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Unlike Federal laws, for which a great deal of well-indexed information is available on Congressional intent, Florida laws present the researcher with several problems in documenting intent.

The current structure of the Florida Legislature originated with the 1969 Regular Session, the first after ratification of the 1968 Florida Constitution, which changed the frequency of legislative sessions from biennial to annual.  The Legislature then created permanent committees and hired a full-time administrative staff.  The committees and staff in turn developed a formal system of recordkeeping relating to their activities.

The 1969 change in the committees’ structure from session-based to one of continuing-existence is the reason why their official records begin only with the 1969 Regular Session, and do not exist for legislation enacted prior to that date.  (There are some pre-1969 records, but these are limited to a few bill summaries from the late 1960s and printed records such as the Senate and House Journals, session laws, etc.)

The year 1998 marks another significant change in legislative committee records, that being the year when the Florida Legislature began providing Internet access to digital documentation.  

Committee records are the intent researcher’s primary recource.  However, there are a number of factors which limit their usefulness.

  • The paper records—those produced from 1969 to 1996—are not currently available on-line.  These may be consulted only by examining them in person in the Florida State Archives in Tallahassee.

  • Many committees did not develop consistent criteria for creating and managing their records for several years after the 1969 session.  As a result, records from 1969 through the late 1970s are often fragmented and disorganized, where they exist at all.

  • The filing systems for paper documentation differed from committee to committee and even from year to year, making it difficult to locate specific kinds of material quickly.  Finding aids have been prepared by the State Archives, but these can be confusing and difficult to use for someone unfamiliar with the legislative process.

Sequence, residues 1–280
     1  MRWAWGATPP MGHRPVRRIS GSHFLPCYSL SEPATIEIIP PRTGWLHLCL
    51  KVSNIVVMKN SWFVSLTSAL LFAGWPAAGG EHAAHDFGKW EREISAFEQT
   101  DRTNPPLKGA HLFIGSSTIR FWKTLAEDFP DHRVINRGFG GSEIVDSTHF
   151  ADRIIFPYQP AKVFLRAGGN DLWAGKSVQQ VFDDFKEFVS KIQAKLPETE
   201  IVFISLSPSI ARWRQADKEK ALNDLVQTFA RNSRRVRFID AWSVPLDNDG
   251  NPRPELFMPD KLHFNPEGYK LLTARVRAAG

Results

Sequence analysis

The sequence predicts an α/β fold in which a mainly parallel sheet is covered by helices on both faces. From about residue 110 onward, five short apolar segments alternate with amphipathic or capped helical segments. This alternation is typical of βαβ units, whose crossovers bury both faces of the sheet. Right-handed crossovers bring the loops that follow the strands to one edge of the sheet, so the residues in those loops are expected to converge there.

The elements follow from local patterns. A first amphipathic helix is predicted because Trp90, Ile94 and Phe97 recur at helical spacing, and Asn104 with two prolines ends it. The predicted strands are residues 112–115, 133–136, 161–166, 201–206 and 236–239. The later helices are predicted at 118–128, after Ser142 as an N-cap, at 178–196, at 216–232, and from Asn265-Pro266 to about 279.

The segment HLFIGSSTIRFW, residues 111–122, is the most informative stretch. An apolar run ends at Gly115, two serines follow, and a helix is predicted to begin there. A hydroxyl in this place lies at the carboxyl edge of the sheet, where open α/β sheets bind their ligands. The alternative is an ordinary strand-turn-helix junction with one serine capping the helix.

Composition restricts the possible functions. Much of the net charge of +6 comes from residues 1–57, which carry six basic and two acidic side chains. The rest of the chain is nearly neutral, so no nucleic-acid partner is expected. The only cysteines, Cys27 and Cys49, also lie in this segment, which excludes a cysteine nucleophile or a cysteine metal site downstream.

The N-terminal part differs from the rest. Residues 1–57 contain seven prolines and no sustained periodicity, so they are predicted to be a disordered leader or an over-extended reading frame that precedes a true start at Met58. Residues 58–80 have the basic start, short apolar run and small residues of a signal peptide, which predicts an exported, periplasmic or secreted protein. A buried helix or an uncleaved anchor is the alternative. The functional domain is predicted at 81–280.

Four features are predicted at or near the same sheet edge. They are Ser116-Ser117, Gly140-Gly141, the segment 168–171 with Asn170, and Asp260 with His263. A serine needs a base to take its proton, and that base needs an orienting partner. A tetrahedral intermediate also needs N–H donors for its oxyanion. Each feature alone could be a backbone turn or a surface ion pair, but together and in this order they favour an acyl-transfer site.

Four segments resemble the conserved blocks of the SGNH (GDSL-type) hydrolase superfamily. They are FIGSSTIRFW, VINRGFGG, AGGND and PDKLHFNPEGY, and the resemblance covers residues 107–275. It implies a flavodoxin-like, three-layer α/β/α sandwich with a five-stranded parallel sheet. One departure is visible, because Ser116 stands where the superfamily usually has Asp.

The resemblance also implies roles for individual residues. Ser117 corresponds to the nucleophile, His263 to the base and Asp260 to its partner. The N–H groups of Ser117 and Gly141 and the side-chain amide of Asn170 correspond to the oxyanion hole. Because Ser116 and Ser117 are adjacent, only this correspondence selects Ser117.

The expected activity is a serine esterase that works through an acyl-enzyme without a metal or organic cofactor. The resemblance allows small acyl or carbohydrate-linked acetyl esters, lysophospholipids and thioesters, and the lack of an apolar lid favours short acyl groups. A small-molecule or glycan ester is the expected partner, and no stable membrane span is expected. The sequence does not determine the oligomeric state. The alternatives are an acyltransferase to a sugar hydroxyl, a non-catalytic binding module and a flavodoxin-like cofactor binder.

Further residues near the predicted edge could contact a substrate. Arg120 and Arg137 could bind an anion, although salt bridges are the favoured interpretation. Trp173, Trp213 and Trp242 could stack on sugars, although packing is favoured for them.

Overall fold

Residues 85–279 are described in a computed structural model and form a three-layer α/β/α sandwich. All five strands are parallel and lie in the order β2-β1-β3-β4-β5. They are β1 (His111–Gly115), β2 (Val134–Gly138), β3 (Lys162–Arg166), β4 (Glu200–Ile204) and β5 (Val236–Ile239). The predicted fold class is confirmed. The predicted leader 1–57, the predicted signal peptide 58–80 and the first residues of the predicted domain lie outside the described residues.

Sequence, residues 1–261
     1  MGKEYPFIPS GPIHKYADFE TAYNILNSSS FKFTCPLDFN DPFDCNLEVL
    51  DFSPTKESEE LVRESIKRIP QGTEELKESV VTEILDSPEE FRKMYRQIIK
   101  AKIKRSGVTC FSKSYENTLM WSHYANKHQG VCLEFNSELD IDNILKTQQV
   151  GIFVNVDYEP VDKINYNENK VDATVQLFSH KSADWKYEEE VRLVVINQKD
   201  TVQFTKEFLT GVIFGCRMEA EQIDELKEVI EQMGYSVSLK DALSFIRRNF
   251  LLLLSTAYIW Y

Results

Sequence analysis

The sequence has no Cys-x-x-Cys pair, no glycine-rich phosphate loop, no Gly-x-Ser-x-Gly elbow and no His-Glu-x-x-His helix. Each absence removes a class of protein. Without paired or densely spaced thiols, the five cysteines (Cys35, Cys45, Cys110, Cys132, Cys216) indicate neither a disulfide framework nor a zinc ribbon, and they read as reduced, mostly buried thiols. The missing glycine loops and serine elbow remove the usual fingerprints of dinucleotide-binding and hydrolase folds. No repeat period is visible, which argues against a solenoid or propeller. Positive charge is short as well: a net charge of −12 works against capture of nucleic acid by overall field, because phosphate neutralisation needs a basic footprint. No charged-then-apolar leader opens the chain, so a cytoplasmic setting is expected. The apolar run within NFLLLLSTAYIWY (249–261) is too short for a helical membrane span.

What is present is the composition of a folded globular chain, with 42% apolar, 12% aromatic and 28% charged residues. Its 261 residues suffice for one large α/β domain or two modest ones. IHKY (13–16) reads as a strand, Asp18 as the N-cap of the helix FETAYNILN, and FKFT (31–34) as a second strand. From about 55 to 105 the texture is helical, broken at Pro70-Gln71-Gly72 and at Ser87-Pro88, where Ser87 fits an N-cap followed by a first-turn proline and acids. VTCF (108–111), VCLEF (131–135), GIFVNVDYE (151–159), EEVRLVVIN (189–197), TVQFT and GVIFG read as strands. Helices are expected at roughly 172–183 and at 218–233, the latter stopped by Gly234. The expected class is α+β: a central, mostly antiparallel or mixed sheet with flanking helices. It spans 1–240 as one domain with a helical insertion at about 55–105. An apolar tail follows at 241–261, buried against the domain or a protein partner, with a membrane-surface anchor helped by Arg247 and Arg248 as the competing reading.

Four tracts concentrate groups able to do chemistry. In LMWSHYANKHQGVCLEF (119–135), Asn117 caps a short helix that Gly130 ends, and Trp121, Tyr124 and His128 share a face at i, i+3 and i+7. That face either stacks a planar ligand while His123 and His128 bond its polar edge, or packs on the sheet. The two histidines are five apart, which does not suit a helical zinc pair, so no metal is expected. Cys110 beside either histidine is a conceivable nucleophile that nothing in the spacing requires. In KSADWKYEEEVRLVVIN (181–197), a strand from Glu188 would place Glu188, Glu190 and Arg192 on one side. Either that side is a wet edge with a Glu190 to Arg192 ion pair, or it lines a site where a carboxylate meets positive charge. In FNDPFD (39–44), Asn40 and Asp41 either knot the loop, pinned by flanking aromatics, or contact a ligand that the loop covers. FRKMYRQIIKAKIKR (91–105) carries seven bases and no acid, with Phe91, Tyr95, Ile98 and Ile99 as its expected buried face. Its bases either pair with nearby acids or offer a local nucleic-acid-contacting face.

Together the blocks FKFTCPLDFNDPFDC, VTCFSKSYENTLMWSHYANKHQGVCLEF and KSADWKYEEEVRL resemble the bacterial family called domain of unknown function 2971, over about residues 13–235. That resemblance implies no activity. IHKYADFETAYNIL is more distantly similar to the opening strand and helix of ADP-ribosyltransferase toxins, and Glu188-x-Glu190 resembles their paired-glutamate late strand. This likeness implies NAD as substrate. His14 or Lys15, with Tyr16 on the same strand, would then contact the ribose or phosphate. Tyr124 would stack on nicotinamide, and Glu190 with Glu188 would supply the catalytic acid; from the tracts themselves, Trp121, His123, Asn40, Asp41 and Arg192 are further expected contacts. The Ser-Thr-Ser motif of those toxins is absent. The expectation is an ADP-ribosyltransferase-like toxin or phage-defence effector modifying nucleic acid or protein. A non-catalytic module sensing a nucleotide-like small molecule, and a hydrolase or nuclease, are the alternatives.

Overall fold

• In recent years, committees have been instructed to severely limit the types of records transferred to the State Archives for permanent preservation.

  • The sole record of actual committee deliberations are audio recordings.  (The Legislature does not fund transcription of these recordings.)  From 1969-2002 these were made on magnetic tape, an inherently unstable medium prone to technological obsolescence and other problems.  Digital recording was initiated in 2003 by some, but not all committees, and there are currently no universally accepted formatting standards for this medium.

The process of researching and documenting legislative history involves several steps.

The initial step is to identify the specific language under consideration, which may be a paragraph, a sentence, or a phrase in the current edition of the Florida Statutes.  It is essential to focus on the language and not the number assigned to the section and/or paragraph, as the latter may change over time.  The history notes at the end of the statutory section list the session law(s)—in the form “s. 3, ch. 91-225”—which created or amended the language codified under that section.  It is advisable to consult the edition of the Statutes published the year before the first law listed in the history notes, as some or all of the subject language may have been enacted during a prior session.  If that is the case, the scope of research must be extended to the laws listed in the earlier edition of the Statutes.

The next step is to examine the earliest session law listed in the history notes to determine if the subject language is present.  If it is not, each subsequent law must be examined to determine if it added or amended the relevant language.  Sometimes deletions can be as significant as additions.

Once the relevant session law(s) have been identified, the subject language must be traced through the legislative process, determining when and where it first appeared, whether in the original bill or in a subsequent amendment, and whether there were significant changes in the language during the process.